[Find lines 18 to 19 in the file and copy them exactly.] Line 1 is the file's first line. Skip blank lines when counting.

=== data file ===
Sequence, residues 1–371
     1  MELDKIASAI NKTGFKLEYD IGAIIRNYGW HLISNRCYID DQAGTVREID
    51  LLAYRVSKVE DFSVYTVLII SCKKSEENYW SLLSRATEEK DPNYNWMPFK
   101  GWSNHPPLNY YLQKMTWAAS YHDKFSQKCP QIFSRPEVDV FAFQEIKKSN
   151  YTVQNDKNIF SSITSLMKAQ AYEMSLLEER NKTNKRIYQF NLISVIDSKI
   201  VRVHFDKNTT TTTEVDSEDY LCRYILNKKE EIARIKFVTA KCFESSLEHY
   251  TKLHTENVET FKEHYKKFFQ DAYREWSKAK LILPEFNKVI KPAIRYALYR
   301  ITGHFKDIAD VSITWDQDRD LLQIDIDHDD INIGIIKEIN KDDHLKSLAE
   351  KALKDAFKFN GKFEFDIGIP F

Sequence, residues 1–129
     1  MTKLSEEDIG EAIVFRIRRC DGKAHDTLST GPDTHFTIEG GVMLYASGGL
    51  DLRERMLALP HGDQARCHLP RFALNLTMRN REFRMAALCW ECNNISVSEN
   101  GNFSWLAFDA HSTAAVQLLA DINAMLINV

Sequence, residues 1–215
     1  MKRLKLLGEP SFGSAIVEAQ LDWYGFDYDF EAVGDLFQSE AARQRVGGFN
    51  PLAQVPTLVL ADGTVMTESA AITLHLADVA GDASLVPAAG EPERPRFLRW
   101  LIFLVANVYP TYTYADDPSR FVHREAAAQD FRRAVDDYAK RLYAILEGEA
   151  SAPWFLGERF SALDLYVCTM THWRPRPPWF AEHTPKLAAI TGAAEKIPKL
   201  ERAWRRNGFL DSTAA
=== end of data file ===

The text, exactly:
   151  SAPWFLGERF SALDLYVCTM THWRPRPPWF AEHTPKLAAI TGAAEKIPKL
   201  ERAWRRNGFL DSTAA